• In most cases, merchants are not allowed to add surcharges to credit card transactions (PIN-based debit is a different story). This is less a fraud issue as it is merchants taking advantage of consumers not having read the 1,000+ pages of Visa/Mastercard operating regulations. If they want to add $.50 to your card bill for buying a beanie baby at that mall kiosk, dispute it. If they insist, you can walk away, or you can accept the charge and fight it later with Visa/Mastercard or your local attorney general. Also, although I'm having trouble finding the regulation number, it has historically been prohibited to set minimum purchase amounts for cards.
  • Fighting a disputed charge can be a chore. Although it doesn't always work out that way, chargeback rules are stacked more on the consumer side than the merchant side. But, just like with insurance adjusters, if they have to back out charges and refund your money, the issuer and acquirer stand to lose money--so do your homework. Call your issuer right away, get names, document everything. Follow up. Send letters. Get manager names. Read the above-linked dispute regulations. Build a strong case.
I could go on for days...there is a lot of info out there. Again, this is all publicly available information, and only a few of the aspects of cards and fraud. Fraud is rare, but it does happen, and some of these points may help.

And, I would be more than happy to take questions in the comments. Hit me.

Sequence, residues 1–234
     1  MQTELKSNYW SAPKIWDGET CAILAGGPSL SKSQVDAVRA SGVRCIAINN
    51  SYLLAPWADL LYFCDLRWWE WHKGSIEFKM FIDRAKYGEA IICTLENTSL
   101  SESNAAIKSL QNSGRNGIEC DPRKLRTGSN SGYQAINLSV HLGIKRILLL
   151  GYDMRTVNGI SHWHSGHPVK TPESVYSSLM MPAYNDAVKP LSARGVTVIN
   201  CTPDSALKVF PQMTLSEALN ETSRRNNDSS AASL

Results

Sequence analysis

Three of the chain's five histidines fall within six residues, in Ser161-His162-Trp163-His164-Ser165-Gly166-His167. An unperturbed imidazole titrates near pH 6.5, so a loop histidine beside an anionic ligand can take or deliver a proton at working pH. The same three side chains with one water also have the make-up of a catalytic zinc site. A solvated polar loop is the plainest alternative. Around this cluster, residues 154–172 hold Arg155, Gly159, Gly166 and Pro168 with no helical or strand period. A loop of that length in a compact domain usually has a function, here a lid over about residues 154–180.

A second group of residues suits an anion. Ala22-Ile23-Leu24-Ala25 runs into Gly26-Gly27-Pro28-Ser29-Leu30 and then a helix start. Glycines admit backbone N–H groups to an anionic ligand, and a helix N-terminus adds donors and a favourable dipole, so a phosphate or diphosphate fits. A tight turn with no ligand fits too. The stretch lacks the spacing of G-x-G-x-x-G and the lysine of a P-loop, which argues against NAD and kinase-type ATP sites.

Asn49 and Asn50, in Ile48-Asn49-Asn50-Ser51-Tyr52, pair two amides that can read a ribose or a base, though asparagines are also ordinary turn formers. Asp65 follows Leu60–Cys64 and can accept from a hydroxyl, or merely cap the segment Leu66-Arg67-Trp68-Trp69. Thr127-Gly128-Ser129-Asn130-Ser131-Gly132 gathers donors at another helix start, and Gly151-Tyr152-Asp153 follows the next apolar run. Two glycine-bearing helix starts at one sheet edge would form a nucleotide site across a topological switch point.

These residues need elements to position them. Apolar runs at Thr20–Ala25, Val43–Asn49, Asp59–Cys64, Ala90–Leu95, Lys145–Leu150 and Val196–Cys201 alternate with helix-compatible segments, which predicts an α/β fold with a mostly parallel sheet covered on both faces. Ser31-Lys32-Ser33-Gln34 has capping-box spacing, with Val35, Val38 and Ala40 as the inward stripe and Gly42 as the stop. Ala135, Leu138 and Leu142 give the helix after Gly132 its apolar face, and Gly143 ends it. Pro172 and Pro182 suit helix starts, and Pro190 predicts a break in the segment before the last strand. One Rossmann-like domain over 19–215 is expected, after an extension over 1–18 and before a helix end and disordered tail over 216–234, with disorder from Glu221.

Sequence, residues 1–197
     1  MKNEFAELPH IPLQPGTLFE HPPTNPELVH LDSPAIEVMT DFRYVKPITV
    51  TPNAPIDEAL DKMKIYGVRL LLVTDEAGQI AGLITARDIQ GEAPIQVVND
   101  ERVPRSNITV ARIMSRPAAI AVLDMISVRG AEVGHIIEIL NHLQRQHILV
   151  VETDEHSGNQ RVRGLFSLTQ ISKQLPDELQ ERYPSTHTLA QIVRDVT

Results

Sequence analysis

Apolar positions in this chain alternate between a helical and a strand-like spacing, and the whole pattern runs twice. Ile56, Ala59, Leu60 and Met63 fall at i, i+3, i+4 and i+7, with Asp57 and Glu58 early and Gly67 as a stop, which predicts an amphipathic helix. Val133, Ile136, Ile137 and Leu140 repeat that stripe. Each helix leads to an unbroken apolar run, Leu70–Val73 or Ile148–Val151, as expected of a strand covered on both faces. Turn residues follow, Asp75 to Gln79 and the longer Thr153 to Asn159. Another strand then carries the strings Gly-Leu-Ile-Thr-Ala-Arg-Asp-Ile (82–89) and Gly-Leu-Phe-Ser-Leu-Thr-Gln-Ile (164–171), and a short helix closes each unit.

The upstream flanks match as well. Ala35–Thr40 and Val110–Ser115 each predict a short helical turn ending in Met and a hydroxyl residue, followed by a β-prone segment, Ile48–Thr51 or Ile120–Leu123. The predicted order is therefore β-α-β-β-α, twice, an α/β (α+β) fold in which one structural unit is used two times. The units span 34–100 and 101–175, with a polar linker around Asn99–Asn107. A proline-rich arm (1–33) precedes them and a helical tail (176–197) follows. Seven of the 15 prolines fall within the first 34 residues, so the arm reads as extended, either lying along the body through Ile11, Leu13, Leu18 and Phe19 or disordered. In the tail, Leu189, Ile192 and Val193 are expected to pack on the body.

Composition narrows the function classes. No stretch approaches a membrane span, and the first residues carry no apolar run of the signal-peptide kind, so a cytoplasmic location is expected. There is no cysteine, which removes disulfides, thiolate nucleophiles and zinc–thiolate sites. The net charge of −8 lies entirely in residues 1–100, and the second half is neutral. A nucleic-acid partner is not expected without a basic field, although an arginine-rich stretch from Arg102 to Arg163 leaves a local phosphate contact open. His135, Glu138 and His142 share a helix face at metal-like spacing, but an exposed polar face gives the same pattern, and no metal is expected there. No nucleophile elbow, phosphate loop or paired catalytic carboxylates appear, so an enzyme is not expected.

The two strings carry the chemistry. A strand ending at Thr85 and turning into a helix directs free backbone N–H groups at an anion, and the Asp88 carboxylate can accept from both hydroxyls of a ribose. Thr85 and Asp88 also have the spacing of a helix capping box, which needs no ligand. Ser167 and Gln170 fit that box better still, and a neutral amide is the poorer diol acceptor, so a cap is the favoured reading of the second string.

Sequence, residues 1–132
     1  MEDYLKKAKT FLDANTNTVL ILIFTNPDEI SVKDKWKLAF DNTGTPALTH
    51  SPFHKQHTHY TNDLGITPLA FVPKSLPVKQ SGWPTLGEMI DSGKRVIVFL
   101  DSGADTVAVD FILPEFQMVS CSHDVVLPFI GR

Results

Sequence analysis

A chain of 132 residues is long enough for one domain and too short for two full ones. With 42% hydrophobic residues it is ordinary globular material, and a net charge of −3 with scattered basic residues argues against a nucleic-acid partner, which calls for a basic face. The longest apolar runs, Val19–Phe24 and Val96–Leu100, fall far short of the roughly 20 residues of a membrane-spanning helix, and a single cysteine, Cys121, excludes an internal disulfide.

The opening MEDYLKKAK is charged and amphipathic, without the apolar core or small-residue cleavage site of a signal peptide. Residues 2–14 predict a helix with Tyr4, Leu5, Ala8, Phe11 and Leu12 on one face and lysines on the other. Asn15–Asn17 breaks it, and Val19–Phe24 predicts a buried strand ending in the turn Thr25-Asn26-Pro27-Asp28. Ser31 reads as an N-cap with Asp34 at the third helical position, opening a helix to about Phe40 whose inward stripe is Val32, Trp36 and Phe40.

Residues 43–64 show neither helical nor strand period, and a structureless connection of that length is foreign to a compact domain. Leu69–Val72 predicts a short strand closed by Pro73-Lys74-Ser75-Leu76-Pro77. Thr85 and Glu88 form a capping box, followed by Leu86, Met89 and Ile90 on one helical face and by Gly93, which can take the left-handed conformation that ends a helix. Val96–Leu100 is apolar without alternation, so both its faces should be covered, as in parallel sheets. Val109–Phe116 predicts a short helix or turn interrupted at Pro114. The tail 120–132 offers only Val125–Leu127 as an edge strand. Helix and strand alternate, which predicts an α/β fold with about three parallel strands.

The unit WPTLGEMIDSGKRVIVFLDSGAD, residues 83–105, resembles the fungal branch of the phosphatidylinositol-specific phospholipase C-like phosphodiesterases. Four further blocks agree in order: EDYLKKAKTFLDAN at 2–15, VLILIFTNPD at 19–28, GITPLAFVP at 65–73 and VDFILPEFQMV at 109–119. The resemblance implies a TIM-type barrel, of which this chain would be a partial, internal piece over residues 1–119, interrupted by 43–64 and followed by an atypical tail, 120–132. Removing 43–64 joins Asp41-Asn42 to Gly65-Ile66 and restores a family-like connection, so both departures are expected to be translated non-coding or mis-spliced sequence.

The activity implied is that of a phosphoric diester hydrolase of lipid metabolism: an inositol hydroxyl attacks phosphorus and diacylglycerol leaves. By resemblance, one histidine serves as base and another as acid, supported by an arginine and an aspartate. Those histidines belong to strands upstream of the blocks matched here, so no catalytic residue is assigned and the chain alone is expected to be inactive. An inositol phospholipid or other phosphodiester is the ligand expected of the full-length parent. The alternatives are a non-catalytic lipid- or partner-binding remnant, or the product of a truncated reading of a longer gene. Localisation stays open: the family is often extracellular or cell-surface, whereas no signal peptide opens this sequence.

Jamie Eyberg said...

Good info. I have reset my only card at a lower limit. I figure if they are going to swipe me they aren't going to get much.

Jeremy D Brooks said...

There are liability caps, too. Depending on how far the fraud is from your home zip code, you're usually only on the hook for up to the first $500 anyhow. Also, reducing your available limit can, sometimes, negatively affect your credit score.

Natalie L. Sin said...

My mother recently got over her fear of using her credit cards online. It's the cutest thing ever : )

Aaron Polson said...

Thanks for the heads up. My wife and I try to run a "cash economy" for most things (and we've saved $$ in the process). I've felt okay about the online world for years; my mom however...she's a little paranoid.

Jeremy D Brooks said...

Nat: yeah, my mom took the leap a few years back. Now she's like me and buys just about everything online.

Aaron: Cash is a good way to do it. We put just about everything on CC, but that's because we get skymiles, and we pay off our card every two weeks. In six years, we've paid maybe $360 in annual fees (and accidentally paid $20 interest once) and its flown us to Hawaii four times. But its a razor's edge thing...the bank hates us but haven't canceled the card yet. Helps our credit score, too.

katey said...

Really good stuff, Jeremy. I once had to fight a disputed charge and they just tried to muscle me into paying it away. I'd just rather avoid the whole thing-- and this is a start.

Stupid waiter. Wow.

Jeremy Kelly said...

I run a restaurant chain and we've spent alot of time putting the methods in place to prevent theivery. My employees can only swipe the card, they can't type in the card number. They can only type in the sale amount, and the customer signs off on that. We don't even allow a tip line. Customers can tip cash or nothing. It's just too easy to rip people off.

Cate Gardner said...

I need to be more careful with my cards. Thanks for the info.

Anonymous said...

This just makes me so angry! Augh!!

I've had my credit card skimmed three separate times. I wish ill upon them.